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January 7, 2017

In C++ you have the choice between various memory allocation strategies. In addition to the frequently used dynamic memory allocation, you have the stack allocation. But you can preallocate the memory at the start time of your program. This can be a fixed-sized block or one or more memory pools. Each of these strategies has its pros and cons. One, I will answer in this post.


In the last post, I presented four typical strategies for managing memory. With this post, I will go one step further by presenting the differences in a table. Before I do this, I will define the criteria which are the base for my comparison.

The criteria


Internal and external fragmentation are two significant issues of dynamic memory allocation and, therefore, for memory pools.

Internal fragmentation  An object needs not to have the whole memory area that was reserved for it.

External fragmentation  The unused memory between the objects is too small to be used for new objects.

Interestingly, a system optimized for internal fragmentations often has issues with external fragmentation. This also holds the other way around. The internal fragmentation is less the better the memory area fits the object. The consequence is that the object sizes are quite irregular, and you can not efficiently use the available memory. If you create equally sized memory areas for each object, the internal memory fragmentation will increase because you typically put the objects in oversized memory blocks. 

One solution to the problem is to adjust the memory blocks to the object sizes and to move the memory blocks if needed. Therefore, the system is optimized for internal and external fragmentation. But this contradicts the temporal predictability of the memory allocation because it requires extra effort at runtime.

Memory exhaustion

The significant advantage of dynamic memory allocation is that the sheer amount of memory seems unlimited. This observation does not hold for a fixed memory block allocated at the program’s start time or for the stack.

Memory release

If I ignore smart pointers like std::unique_ptr or std::shared_ptr or the Boehm garbage collector, I have to explicitly release the memory in case of dynamic memory allocation or pool allocation. This will not hold for the stack. In the case of stack allocation, the C++ runtime automatically releases the memory; when allocating a fixed-sized block, the memory will usually not be released.

You will get memory leaks if you don’t release the memory.

Memory leaks

Stack allocation is, per see, free of memory leaks. This will not hold for the other three memory allocations. In particular, memory leaks are a big concern of dynamic memory allocation and memory pools.


Predictability is a big issue in such applications that deal with hard real-time requirements. That means, in particular, there are time windows in which an operation must be performed. This kind of guarantee can not be given by dynamic memory allocation. For example, the memory may be fragmented. Therefore, dynamic memory allocation is often no option in an embedded system driven by real-time requirements. The restriction holds not for the three other ways to allocate memory. They have deterministic temporal behavior.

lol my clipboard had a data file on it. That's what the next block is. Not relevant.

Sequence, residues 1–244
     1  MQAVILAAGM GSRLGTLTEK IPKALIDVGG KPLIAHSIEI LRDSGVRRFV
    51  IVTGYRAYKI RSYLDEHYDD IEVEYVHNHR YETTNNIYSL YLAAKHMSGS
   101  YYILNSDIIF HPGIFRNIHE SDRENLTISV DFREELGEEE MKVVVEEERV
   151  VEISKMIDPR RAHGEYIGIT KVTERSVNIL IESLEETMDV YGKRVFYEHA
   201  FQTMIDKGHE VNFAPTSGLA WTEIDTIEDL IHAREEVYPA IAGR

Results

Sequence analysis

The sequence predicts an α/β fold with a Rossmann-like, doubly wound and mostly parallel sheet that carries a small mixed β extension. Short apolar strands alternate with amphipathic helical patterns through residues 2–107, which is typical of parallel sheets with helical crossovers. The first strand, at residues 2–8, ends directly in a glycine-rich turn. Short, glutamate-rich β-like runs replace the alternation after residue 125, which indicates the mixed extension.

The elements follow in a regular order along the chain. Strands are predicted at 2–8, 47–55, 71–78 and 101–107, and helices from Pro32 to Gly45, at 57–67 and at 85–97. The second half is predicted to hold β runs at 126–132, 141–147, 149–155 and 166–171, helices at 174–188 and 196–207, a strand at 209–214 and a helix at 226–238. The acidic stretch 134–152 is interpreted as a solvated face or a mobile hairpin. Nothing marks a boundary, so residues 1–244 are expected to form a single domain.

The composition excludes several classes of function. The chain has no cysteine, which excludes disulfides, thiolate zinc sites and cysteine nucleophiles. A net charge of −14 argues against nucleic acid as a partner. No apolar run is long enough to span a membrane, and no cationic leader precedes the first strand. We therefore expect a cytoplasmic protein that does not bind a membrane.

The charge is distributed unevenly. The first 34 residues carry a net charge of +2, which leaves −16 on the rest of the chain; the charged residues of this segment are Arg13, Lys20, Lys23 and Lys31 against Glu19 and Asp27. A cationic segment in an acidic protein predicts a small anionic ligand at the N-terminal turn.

Ease of use

From the user’s perspective, each of the four presented memory allocations has pros and cons. Therefore, in the case of dynamic memory allocation and memory pool, the programmer must manage the memory. He has to call delete or free explicitly. This is contrary to a fixed-sized memory block or the stack.  But there are other cons for both.

If you allocated a fixed-sized block, you could not perform an arbitrary number of allocations. The same holds for the stack. You can not dynamically create objects on the stack; your object’s lifetime is bound to the lifetime of the stack.


The variability is, of course, the benefit of dynamic memory allocation. This is true – with small restrictions – for the memory pool, if you have memory pools of various sizes or the memory pool is sufficiently big enough. Therefore, the program can react to the extraordinary memory request. This benefit will not hold for the stack or the allocation of the fixed-sized memory block. Both memory allocations require predictable memory requirements.

The big picture

In the end, the table provides an overview of all criteria.


A want to say a few words about the table. I sometimes choose the answer Yes/No in the case of the memory pool. The answer depends on the fact how many memory pools are available. I want to emphasize one point. The memory pool offers the best of two worlds. On the one hand, you have – like in the case of dynamic memory allocation – dynamic behavior; on the other hand, you have fully deterministic temporal behavior – like a stack of a fixed-sized memory block – for each memory allocation. The strength is reflected in the table.

What’s next?

Jonathan Müller, author of the English blog foonathan::blog() and the particular author of the memory library (“STL compatible C++ memory allocator library using a new RawAllocator concept that is similar to an Allocator but easier to use and write.”) will write in the next post about his memory pool allocators. I’m very happy to pronounce it. It would be quite challenging if I learned at least one lesson from these posts about memory allocation with C++.











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